Entertainment

Andrew Sachs, known as Manuel in 'Fawlty Towers,' dies

FILE - In this Wednesday, May 6, 2009 file photo, the cast of TV comedy series Fawlty Towers, from left, Prunella Scales, John Cleese, Connie Booth and Andrew Sachs reunite to celebrate the 30th anniversary of the TV show and mark a special programe

FILE - In this Wednesday, May 6, 2009 file photo, the cast of TV comedy series Fawlty Towers, from left, Prunella Scales, John Cleese, Connie Booth and Andrew Sachs reunite to celebrate the 30th anniversary of the TV show and mark a special programe "Fawlty Towers: Re-opened" at The Naval and Military Club, London. Comic actor Andrew Sachs, known primarily for his role as Manuel in the 1970s situation comedy Fawlty Towers, has died it was announced Thursday, Dec. 1, 2016. He was 86 and had been suffering from vascular dementia. (AP Photo/ Edmond Terakopian, file)

LONDON — Comic actor Andrew Sachs, known primarily for his role as the well-intentioned but somewhat dim character of Manuel in the 1970s comedy "Fawlty Towers," has died. He was 86 and had been suffering from vascular dementia.

Actor John Cleese, who played alongside Sachs in the TV show, led tributes Friday to the German-born British actor, who made the role of the bumbling Spanish waiter with the massive moustache all his own.

His son, John Sachs, says his father was not interested in being a celebrity or seeking the limelight. What he loved was the craft of acting.

"He stuck that big moustache on because he didn't want to be recognized," John Sachs told The Associated Press.

Born Andreas Siegfried Sachs in Berlin on April 7, 1930, his family moved to England when he was eight to escape Nazi persecution of Jews.

Though he performed in a number of television shows in the 1960s, he shot to fame in 1975 with "Fawlty Towers," about a fictional hotel in the seaside town of Torquay. The program centres around owner Basil Fawlty, played by Cleese, whose acidic wit and rude behaviour offers the irreverent backdrop to efforts to run a hotel visited by eccentric guests.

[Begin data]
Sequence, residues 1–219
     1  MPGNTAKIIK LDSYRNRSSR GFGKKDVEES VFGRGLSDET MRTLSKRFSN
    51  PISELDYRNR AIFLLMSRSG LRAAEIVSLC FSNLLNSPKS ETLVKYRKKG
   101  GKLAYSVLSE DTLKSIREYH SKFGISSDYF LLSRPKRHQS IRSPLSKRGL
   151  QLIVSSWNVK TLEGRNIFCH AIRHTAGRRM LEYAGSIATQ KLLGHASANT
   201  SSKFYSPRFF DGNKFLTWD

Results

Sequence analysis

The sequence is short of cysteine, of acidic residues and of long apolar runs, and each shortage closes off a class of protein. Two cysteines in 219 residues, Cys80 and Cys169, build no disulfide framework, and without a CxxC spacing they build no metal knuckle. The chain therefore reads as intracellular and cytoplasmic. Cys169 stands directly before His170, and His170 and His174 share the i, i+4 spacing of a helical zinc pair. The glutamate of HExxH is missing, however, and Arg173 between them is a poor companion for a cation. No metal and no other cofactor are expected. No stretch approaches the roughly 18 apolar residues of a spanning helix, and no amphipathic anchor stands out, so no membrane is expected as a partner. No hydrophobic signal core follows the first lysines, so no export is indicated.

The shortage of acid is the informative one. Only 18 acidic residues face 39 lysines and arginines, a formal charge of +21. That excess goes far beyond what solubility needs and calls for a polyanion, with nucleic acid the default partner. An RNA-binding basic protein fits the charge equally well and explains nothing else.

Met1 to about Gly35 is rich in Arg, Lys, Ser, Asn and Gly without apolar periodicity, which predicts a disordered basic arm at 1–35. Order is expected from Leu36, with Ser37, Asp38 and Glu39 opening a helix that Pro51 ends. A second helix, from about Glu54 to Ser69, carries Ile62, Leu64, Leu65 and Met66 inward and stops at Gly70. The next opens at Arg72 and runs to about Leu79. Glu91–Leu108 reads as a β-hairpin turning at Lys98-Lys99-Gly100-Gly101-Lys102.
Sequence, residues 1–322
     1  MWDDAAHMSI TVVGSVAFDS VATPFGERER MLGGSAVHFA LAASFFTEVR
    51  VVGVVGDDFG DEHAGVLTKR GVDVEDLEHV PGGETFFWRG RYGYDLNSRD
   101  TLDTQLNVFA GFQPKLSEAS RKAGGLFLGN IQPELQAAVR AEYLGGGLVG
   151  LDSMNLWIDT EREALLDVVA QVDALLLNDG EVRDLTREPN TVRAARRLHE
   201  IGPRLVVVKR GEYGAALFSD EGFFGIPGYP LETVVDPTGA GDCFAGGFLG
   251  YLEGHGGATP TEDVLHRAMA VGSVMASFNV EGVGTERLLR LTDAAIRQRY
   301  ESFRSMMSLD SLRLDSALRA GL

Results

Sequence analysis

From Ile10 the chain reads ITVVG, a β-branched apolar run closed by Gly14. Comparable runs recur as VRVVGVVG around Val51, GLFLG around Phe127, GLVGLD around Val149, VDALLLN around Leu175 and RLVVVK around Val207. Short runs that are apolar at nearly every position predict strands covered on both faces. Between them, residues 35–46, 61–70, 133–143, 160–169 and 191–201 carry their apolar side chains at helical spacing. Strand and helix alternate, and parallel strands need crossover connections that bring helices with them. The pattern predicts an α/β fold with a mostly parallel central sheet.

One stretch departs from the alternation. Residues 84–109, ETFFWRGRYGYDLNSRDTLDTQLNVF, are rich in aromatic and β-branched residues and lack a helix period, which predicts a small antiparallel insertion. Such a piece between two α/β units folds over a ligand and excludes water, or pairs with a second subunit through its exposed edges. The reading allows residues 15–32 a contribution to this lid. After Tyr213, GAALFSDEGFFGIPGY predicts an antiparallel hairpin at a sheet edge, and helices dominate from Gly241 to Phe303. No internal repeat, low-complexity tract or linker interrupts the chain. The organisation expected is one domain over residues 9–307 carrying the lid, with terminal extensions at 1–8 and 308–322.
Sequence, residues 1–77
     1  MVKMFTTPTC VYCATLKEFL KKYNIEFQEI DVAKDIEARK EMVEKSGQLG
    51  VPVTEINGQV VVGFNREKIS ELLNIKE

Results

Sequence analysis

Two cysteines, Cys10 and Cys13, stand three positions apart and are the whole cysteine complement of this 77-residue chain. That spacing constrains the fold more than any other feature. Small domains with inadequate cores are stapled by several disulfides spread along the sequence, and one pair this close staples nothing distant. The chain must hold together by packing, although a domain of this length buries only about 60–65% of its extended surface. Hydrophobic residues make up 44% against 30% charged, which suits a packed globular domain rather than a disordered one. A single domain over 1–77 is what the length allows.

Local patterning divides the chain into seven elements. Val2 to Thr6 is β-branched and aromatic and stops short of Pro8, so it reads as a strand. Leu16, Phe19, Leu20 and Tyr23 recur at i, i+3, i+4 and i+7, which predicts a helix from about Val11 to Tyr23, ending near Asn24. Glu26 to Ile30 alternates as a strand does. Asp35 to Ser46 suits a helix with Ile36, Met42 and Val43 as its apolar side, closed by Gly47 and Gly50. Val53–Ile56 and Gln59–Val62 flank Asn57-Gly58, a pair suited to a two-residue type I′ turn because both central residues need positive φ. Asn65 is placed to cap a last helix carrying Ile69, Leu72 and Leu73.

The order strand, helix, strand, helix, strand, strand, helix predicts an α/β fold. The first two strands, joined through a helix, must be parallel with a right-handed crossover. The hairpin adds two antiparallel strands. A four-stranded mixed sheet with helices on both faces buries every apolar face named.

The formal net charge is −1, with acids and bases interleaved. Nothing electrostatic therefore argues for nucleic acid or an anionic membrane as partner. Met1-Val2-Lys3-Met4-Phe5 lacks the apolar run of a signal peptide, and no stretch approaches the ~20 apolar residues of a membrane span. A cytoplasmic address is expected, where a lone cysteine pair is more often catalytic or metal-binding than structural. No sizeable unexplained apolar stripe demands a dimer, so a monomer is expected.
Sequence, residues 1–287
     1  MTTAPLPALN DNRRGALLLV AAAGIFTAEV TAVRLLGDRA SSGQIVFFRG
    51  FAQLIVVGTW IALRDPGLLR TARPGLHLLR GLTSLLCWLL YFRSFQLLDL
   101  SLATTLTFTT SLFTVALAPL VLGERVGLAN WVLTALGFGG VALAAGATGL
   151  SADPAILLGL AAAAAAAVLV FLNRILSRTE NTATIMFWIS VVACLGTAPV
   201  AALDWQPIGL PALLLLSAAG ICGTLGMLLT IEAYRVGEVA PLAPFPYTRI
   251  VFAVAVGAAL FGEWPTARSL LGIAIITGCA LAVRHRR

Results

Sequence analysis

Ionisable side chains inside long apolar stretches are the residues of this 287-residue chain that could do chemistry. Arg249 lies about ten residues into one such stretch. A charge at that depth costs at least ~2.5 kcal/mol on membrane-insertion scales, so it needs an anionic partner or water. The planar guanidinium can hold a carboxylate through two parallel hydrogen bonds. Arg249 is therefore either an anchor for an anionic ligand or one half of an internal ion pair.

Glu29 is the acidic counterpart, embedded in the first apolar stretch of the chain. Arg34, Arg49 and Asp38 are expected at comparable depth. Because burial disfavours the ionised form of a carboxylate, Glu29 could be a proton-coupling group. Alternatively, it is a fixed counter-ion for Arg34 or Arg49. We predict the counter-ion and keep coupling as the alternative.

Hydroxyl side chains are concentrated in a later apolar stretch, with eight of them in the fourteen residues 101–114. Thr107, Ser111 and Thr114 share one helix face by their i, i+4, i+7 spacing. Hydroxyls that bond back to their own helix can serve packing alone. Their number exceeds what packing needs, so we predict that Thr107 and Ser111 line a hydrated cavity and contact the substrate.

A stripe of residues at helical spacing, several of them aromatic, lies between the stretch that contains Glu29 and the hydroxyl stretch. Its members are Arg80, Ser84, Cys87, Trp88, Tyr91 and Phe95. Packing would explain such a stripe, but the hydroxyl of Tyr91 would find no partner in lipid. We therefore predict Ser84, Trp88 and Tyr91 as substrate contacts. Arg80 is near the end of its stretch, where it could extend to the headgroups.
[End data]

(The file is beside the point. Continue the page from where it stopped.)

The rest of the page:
Even though only 12 episodes were made, it was voted number one in the British Film Institute's 100 Greatest Television Programs in 2000.

In the program, Sachs plays the lovable waiter Manuel who struggles with his English and whose trademark "Que?" led to some of the program's most humorous exchanges.

"There's a certain Charlie Chaplainesque talent that he had," his son said, noting that Manuel's limited language skills made movements and athleticism all the more important. "He brought that to Manuel."

In one episode, "Basil The Rat," Manuel keeps a pet rat, which he mistakes for a Siberian hamster. Basil catches him.

Manuel: "I say to man in shop, 'Is rat.' He say, 'No, no, no. Is a special kind of hamster. Is filigree Siberian hamster.' Only one in shop. He make special price, only five pound."

Basil: "Have you ever heard of the bubonic plague, Manuel? It was very popular here at one time. A lot of pedigreed hamsters came over on ships from Siberia."

Later in the same program, as Basil tries to reassure him with a slap on the back, Sachs offers the line that was often associated with Manuel.

"Don't hit me! Always you hit me!" he said.

At a reunion of cast members in 2009, Sachs spoke fondly of his memories of the show. He said some politically incorrect material may prompt complaints from viewers now.

Even so, he hoped "we can always get away with good comedy."

Cleese, the co-creator of the program, told the BBC that acting with Sachs was "like playing tennis with someone who is exactly as good as you are."

"Sometimes he wins and sometimes you win but somehow there's a rapport and it comes from the very deepest part of ourselves," he said. "You can work on it, but in our case we never had to work on it, it all happened so easily."

In 2008, Sachs found himself at the centre of a controversy when comedian Russell Brand and TV presenter Jonathan Ross left lewd messages on his answering machine and joked on air about Sachs' granddaughter.

Viewers protested to the BBC, which was forced to apologize.

"It certainly upped my profile," Sachs said after the incident that became known as 'Sachsgate.' "In some ways, that's very nice. What it's done for my personal life is less admirable, but quite independent of that it's put my name in the papers a lot."

A quiet and insular person, Sachs' family kept both his illness and death quiet until after services were concluded. He is survived by wife Melody, three children and four grandchildren.